The third stage and fetal adaptation



The modern western management of the third stage consists of a series of interlocking interventions which are applied so routinely that many obstetricians now regard them as ‘normal’. This management had its roots only 300 years ago when the dorsal position for delivery and cord traction were first introduced in France1. Now, once the baby has been delivered, the cord is divided with scissors between double clamps. Often triple clamps are used in order to ensure the availability of umbilical arterial and venous blood samples for acid-base and blood gas analysis. This division of the cord frees the infant for transfer to the resuscitation area, where all too often he or she is placed in the disadvantageous head-down position2,3. Meanwhile, in most developed countries, the third stage is usually managed actively4. An oxytocic agent, usually syntometrine, is given as the anterior shoulder delivers and, once the uterus is contracting, steady traction is exerted on the umbilical cord, while the free hand holds the uterus out of the pelvis. The aim of all these interventions is to reduce the risk of postpartum haemorrhage and retained placenta. Yet the fact remains that significant postpartum haemorrhage (> 500 ml) is commonly reported in 2–8% of hospital deliveries5 and manual removal of the placenta in at least 1–2% of all cases.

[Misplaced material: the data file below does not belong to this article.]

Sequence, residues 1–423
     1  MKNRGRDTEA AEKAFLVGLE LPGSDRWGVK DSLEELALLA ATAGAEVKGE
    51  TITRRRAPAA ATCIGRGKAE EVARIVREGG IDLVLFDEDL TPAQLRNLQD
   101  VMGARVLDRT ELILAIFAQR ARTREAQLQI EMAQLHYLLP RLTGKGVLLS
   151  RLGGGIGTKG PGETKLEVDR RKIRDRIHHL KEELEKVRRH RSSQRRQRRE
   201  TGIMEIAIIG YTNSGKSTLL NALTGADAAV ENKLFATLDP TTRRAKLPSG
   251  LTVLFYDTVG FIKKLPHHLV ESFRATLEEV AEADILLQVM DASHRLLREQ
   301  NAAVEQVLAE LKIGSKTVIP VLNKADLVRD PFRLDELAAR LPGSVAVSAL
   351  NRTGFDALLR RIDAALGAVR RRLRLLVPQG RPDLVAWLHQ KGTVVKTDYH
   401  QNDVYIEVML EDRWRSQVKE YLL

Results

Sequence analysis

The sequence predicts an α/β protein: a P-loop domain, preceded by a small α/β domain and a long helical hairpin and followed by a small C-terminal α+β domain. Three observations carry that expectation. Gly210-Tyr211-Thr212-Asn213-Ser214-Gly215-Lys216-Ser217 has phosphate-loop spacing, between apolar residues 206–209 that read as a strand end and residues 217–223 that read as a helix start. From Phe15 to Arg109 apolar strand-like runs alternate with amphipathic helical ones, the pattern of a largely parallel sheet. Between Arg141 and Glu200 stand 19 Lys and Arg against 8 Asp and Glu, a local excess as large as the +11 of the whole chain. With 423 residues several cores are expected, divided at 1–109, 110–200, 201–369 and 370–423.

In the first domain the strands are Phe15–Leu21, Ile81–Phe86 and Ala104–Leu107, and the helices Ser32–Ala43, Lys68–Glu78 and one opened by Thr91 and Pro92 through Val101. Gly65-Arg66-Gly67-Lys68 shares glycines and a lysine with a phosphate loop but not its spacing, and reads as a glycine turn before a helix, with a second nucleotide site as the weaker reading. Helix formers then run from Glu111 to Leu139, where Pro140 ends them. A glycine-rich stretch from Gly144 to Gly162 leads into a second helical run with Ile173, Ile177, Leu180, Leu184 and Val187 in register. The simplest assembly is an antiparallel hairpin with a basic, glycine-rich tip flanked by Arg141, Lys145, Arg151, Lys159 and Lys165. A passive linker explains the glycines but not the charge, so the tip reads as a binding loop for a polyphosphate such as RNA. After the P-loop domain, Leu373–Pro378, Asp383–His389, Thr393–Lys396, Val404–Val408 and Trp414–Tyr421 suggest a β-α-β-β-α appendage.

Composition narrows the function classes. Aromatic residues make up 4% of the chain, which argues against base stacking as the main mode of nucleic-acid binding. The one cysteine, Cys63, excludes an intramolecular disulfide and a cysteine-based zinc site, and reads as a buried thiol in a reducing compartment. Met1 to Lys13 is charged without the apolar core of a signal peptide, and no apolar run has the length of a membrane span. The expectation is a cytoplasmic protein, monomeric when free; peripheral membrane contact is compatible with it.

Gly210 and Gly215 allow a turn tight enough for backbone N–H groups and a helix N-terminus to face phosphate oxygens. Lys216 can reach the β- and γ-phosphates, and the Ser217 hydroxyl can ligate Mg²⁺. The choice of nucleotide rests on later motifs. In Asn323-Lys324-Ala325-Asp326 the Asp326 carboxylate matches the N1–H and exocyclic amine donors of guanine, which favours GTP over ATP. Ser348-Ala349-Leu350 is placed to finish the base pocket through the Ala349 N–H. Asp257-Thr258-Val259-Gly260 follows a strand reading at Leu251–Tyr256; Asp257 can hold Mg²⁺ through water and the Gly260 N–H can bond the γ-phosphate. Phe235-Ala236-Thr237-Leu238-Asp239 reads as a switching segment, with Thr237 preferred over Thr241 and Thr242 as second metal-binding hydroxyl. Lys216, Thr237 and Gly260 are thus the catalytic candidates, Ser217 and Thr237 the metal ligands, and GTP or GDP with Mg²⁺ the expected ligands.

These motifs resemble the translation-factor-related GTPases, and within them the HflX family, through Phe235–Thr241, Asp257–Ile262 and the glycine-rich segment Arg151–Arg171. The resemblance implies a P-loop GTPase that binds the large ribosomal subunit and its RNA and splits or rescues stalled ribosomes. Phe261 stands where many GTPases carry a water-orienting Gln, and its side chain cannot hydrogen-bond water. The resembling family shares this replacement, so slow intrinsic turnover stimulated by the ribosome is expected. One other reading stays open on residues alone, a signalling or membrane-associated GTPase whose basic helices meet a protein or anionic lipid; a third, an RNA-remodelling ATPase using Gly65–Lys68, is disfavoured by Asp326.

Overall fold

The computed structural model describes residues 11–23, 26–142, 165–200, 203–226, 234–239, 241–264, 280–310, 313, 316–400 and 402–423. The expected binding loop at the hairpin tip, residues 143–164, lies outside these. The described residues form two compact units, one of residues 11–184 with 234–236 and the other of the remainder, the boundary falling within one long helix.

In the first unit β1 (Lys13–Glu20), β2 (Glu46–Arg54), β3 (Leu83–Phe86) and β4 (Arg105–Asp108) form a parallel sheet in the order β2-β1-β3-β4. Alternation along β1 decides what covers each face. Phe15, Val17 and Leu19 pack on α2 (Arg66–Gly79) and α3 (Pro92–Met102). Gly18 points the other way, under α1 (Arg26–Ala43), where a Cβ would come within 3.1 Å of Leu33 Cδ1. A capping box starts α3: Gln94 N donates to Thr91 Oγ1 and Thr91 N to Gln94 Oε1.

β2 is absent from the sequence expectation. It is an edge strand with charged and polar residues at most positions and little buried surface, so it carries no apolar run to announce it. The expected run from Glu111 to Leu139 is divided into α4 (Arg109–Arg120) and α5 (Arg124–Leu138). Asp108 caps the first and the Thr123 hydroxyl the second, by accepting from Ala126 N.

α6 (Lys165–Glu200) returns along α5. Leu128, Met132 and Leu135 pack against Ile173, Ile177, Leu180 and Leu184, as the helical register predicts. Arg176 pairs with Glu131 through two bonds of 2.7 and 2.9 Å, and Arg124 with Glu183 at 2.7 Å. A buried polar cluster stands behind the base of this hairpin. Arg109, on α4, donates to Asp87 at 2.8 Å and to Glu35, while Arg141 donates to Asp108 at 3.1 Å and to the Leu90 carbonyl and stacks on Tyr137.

Umbilical Cord Postpartum Haemorrhage Foetal Lamb Late Cord Perinatal Medicine 
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